Facebook has stated it again and again that they do not sell user data. Mar Zuckerberg unequivocally told the US Congress that Facebook has never sold user data. But that doesn’t mean that they never considered selling user data.
Internal Facebook documents seized by British parliamentarians reveal that Facebook briefly considered selling user data to generate revenue several times between 2012 and 2014. This was the time when Facebook was struggling to generate revenue after its IPO.
A number of emails sent by Facebook employees suggest that Facebook was aware of companies accessing user data and were deliberating over whether they should be charging those companies for access to that data. One employee suggesting shutting down data access for companies unless they paid $250,000 per year to Facebook. Another employee talked about a strategic alliance with Amazon to make sure they keep getting the same access to data that they were getting at the moment.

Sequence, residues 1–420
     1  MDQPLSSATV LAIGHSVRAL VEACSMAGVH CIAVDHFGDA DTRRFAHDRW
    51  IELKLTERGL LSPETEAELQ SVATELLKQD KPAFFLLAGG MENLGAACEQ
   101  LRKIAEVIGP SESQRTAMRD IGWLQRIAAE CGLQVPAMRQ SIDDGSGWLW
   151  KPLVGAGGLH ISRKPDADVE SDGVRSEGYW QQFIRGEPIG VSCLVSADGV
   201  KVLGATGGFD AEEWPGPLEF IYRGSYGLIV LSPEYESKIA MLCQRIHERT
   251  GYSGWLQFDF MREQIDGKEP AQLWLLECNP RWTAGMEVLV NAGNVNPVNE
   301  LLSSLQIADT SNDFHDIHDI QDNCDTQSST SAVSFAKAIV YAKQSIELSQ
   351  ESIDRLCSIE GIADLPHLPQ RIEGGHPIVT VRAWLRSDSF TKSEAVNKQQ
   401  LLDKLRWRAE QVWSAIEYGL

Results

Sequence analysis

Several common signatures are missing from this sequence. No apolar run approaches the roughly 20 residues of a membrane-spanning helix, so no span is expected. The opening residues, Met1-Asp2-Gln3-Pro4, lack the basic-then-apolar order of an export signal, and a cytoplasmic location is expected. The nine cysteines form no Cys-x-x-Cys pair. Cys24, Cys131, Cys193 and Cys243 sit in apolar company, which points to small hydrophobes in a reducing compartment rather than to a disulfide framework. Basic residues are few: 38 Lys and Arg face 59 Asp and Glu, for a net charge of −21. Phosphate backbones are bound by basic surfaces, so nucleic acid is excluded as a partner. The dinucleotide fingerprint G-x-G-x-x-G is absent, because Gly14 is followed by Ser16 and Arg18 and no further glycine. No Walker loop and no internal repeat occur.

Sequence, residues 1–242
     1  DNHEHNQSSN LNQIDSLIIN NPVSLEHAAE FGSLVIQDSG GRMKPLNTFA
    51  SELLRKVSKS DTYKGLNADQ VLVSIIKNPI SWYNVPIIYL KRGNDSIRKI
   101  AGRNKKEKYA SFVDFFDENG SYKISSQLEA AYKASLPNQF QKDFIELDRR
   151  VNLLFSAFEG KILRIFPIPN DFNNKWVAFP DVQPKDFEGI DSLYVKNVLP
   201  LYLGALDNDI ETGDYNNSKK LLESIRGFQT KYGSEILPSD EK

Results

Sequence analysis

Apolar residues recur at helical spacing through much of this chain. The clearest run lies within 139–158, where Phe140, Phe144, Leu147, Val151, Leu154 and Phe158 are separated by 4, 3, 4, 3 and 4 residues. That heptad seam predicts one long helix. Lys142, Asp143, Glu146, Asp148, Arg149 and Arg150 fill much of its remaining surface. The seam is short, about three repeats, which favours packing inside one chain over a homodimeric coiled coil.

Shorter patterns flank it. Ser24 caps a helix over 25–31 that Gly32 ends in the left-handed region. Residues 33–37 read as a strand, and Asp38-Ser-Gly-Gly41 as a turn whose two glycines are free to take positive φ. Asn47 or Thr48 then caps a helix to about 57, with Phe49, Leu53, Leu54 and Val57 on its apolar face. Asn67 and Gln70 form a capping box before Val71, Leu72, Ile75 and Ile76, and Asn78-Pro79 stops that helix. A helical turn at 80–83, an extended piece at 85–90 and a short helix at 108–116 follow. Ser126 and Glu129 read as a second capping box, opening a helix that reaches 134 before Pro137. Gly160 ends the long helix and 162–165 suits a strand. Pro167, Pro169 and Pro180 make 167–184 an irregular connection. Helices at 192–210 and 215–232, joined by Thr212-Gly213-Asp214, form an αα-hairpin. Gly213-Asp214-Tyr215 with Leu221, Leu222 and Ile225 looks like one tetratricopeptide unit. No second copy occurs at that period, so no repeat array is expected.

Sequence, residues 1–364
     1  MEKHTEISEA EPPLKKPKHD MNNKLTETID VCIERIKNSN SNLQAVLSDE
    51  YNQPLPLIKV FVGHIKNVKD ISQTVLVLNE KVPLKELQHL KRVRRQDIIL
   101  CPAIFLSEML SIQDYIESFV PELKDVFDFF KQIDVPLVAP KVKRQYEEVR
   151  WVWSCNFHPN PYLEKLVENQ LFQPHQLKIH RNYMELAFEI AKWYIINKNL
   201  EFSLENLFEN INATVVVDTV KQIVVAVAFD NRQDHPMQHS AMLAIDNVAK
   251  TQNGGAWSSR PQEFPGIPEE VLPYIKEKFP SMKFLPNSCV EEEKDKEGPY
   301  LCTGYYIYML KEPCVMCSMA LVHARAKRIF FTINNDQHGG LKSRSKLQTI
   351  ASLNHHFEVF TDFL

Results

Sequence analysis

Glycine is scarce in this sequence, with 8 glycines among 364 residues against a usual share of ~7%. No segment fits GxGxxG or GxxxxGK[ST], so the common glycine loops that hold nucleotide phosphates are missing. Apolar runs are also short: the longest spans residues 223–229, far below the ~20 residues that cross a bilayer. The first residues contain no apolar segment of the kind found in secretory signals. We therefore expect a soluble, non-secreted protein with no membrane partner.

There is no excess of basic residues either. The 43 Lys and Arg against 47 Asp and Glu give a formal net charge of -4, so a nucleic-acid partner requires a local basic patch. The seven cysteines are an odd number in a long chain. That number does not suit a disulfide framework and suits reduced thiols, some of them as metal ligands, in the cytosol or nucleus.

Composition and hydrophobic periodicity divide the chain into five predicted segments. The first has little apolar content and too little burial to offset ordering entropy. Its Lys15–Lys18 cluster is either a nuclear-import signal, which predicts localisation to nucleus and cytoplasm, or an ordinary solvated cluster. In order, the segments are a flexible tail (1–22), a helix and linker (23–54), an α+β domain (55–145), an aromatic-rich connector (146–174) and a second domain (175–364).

These emails were sent during the period when Facebook allowed third-party developers to access not only user data but the data of their friends too. These emails show that Facebook was aware of the loophole and, instead of trying to limit its effect, we’re trying to devise methods to make money off of it.
While talking to The Wall Street Journal, a Facebook spokesperson said:
“We were trying to figure out how to build a sustainable business. We had a lot of internal conversations about how we could do this.”
These emails do not show that Facebook ever acted on these conversations and actually sold user’s information, but these do show that they were having a serious discussion over selling user data to generate revenue, something which casts further doubts over the tech company’s commitment towards safeguarding user data.